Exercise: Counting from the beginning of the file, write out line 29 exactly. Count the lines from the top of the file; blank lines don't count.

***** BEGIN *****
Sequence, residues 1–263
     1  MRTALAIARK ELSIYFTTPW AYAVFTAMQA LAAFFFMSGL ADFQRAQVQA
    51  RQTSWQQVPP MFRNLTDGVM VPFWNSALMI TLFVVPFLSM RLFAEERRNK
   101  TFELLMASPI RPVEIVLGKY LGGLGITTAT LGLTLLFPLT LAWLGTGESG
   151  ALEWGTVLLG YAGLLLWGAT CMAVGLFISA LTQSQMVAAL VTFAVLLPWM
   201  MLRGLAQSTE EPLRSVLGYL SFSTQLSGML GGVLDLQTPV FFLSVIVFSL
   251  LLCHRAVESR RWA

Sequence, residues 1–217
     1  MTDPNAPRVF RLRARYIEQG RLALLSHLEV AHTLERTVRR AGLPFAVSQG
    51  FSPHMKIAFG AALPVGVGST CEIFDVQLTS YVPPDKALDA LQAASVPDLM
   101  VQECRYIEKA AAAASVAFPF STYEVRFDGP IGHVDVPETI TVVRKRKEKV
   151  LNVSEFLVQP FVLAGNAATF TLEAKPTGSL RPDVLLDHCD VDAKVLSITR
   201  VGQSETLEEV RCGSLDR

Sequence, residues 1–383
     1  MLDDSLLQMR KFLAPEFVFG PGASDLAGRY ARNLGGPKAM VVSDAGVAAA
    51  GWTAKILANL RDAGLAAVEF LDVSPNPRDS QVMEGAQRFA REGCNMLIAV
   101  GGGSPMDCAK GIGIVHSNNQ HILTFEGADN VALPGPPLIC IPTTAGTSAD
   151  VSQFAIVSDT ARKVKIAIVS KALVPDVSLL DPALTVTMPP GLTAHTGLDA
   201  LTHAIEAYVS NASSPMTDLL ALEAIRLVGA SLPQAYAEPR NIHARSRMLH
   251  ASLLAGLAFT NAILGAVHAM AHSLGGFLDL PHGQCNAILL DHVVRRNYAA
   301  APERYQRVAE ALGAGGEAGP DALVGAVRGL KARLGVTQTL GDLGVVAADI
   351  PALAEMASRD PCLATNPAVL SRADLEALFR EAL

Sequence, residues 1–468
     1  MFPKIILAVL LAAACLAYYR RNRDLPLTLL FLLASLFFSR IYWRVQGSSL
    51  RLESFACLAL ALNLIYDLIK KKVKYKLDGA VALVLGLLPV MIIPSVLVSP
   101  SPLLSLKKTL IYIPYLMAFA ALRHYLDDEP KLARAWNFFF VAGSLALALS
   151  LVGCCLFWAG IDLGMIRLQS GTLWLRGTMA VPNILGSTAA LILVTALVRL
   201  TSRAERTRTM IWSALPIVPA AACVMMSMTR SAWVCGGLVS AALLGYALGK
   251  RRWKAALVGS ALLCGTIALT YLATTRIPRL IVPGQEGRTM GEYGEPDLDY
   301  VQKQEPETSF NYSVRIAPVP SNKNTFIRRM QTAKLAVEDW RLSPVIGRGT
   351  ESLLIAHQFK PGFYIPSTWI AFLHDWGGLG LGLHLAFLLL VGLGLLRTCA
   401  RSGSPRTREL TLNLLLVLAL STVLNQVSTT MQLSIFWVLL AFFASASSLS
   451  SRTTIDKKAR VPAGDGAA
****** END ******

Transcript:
   251  RRWKAALVGS ALLCGTIALT YLATTRIPRL IVPGQEGRTM GEYGEPDLDY